1. North-East section of the North Lawn
    To develop a community garden to be used by members of the congregation, the A+E project (an art and ecology project based at the Cathedral), additional tenants of the Cathedral buildings (including Early Days Nurseries and Edinburgh Cyrenians), targeted community groups supporting Edinburgh-based asylum seekers and refugees, and local residents. The community garden will include a border of mixed native hedging (hawthorn, dogwood, wild cherry, silver birch, rowan, and hazel), under tree planting of existing trees, 12 raised beds (with a focus on growing perennial vegetables and native dye plants), 16 dwarf rootstock native apple trees (15 cordoned, 1 free standing), native soft fruit, a herb spiral, the extension of an existing willow tunnel, a green roof rain shelter, a composting area, 2 earth-covered log piles, a small tool shed, and 3 Gothic style water butts to capture water from the roof of Walpole Hall.
  2. East section of the South Lawn
    To further develop an existing wildflower labyrinth on the East section of the South Lawn and designate the area a rewilding Ark ( The labyrinth was cut and planted using an Edinburgh wildflower pollinator mix in 2022. Further rewilding of the site will include bordering part of the site with native hedging (hazel, blackthorn, crab apple, elder, dog rose, and rowan), under tree planting of existing trees, further assistance to rewild the lawn (including the sowing of yellow rattle to act as a beneficial parasite), the planting of 5 dwarf rootstock native apple trees (free standing), the cultivation of a small wildlife pond supported by a swale, 3 earth-covered log piles, and the addition of 3 Gothic style water butts to capture water from the lower roof of the Cathedral.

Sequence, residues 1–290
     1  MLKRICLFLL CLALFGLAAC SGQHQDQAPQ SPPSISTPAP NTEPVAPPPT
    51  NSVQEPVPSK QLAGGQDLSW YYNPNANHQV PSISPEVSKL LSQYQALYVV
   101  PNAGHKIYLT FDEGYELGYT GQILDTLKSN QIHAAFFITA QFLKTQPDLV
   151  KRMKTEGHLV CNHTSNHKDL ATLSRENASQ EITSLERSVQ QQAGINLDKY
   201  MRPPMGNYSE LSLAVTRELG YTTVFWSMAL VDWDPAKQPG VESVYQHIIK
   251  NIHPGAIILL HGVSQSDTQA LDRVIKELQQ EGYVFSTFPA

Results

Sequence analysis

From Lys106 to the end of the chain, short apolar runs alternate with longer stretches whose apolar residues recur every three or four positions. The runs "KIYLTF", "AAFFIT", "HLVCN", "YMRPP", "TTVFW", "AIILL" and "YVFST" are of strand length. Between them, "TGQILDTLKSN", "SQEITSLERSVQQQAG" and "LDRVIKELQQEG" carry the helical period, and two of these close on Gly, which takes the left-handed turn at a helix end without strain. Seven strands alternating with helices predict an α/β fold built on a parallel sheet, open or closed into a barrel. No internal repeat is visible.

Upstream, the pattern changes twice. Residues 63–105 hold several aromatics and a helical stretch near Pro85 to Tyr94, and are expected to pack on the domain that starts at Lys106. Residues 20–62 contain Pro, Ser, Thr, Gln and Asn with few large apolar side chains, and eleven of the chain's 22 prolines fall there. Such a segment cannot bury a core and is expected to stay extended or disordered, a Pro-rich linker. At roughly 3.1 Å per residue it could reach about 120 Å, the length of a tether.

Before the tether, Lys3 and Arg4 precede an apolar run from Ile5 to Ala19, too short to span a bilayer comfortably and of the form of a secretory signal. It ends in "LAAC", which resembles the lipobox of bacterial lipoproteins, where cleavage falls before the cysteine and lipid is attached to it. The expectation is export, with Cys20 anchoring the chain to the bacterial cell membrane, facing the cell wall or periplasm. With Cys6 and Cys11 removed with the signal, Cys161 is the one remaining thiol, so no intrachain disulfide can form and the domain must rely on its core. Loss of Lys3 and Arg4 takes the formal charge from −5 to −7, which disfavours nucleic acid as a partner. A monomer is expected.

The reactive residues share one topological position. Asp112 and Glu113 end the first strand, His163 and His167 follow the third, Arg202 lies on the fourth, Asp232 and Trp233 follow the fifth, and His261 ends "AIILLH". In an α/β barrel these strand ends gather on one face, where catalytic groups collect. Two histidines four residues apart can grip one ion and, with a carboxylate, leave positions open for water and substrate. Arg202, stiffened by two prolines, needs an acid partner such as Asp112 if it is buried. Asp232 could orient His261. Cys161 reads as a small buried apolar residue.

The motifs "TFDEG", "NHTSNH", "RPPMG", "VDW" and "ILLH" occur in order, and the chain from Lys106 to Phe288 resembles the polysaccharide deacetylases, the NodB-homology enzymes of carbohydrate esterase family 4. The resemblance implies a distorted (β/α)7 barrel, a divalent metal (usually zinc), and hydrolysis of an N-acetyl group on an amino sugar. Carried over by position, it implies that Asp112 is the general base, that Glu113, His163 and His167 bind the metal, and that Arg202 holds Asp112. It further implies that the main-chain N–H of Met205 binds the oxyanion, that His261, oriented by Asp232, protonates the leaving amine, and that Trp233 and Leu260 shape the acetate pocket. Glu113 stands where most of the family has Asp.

3. Increase biodiversity across the site
    To support and, where appropriate, further develop existing planting and additional infrastructure to increase biodiversity. This includes the maintenance and care of a Memorial Garden running from the North Door to Manor Place, a Memorial Orchard and Nursery Garden outside Old Coates House (the former comprising 7 native apple trees; the latter comprising a sensory garden and 2 miniature wildlife gardens in 3 box-lined beds), a native wildflower meadow cultivated along the North Lawn’s North-West perimeter railings, and container planting beside the Memorial Garden Cairn and the West Door.